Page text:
Hear, hear.

If you're so inclined, please write a note to Kellogg's chief marketing officer, Mark Baynes, and let him know--politely, of course--how you feel about his company siding with the nonsensical so-called "War on Drugs" and against the brilliant, young, multiple, multiple (etc.) gold-medal-winning Phelps.

Kellogg Company
1 Kellogg Sq
Battle Creek, MI 49016-3599

(SNL clip via Sully; H/T Michael Hussey)

Sunday, February 01, 2009

"The Electronic Newspaper Isn't As Spiffy-looking as the Ads Imply..."

Well, readers, I'm finally back among the living after two weeks during which every family member--male, female, upright-walking, and four-legged and fur-covered alike--fell victim to the dreadful Oh-Nine variant of the 'flu. We've been going through decongestants and aspirins like water, and buying (and using up) coffee-table-sized multi-packs of Kleenex boxes from Costco. Meanwhile, grubby jeans and school uniforms would appear to have been breeding in the dark corners of the laundry room--not exactly the cheerful get-well present I was hoping for, but hey, I'm just grateful to be breathing freely and speaking in my normal baritone, as opposed to the unintelligible frog-croaking I was doing for a while there. Poor Marley, he seemed so insulted and pissed-off at the notion of microbes invading his sovereign feline self: he'd burst into a fit of little kitty-sneezes, then shoot me this withering look, as if I had something to do with it (I didn't; it came home with one of the Offspring and spread outward and downward from there. But try telling that to a cat.)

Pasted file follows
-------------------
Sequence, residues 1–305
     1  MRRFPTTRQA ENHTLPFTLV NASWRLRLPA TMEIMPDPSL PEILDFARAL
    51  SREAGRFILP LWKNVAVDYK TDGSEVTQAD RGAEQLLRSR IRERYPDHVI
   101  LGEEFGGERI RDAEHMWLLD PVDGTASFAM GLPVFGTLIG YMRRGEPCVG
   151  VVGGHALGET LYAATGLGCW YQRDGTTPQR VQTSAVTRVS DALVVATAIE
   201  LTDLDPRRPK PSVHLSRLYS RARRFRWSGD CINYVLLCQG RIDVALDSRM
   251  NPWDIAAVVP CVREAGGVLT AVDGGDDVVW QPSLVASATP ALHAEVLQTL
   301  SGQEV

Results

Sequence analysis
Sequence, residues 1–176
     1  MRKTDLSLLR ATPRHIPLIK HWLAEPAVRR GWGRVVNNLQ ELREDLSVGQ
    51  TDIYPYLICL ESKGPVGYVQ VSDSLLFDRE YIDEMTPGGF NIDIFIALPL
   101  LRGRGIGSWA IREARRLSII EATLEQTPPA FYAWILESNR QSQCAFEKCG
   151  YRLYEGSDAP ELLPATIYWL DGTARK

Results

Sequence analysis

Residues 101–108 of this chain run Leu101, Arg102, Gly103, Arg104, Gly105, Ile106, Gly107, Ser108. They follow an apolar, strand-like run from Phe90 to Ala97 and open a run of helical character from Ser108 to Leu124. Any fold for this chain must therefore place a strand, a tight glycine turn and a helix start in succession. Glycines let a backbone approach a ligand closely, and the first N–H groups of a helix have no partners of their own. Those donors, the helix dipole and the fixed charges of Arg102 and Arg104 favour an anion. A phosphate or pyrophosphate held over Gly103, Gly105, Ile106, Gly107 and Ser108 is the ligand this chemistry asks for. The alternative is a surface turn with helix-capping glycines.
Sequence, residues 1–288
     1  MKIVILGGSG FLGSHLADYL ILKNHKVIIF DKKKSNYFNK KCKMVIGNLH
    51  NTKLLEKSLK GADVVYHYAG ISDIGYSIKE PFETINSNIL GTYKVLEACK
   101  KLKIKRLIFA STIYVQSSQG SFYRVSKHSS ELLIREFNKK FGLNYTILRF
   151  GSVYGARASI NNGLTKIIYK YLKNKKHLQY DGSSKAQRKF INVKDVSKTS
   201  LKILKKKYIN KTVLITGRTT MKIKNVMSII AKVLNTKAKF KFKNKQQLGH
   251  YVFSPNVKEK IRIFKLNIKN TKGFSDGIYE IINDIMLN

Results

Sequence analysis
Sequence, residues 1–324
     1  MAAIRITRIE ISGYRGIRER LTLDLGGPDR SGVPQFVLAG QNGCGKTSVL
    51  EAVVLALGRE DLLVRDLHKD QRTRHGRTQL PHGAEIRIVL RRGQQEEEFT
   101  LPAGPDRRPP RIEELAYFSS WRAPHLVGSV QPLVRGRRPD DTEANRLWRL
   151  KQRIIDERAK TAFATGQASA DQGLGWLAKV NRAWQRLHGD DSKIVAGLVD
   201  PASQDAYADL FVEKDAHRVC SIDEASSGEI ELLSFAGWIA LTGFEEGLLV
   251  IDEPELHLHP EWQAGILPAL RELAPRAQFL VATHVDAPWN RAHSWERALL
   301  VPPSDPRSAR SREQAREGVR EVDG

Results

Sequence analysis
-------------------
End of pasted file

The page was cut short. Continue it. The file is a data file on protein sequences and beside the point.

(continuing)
Anyway, let's kick off my return to civilization with this little blast from the past--1981, to be specific; it comes via Wayne Garcia, my new boss at Creative Loafing, where I'll be posting my work from time to time, starting this week. (For non-Floridians, CL is an alternative weekly newspaper somewhat akin to the Village Voice. Only it's not, obviously, of that particular Village, not unless you consider the Tampa area to be an extension of New York, which is probably kind of stretching things a bit. We did come close to being, ah, cursed blessed with our very own Trump Tower at one point, though. And you can get some pretty superb pizza here, if you know the right Italians, ahem.)

First, the electronic newspaper; then, what next--a telephone with pictures? Anything seemed possible...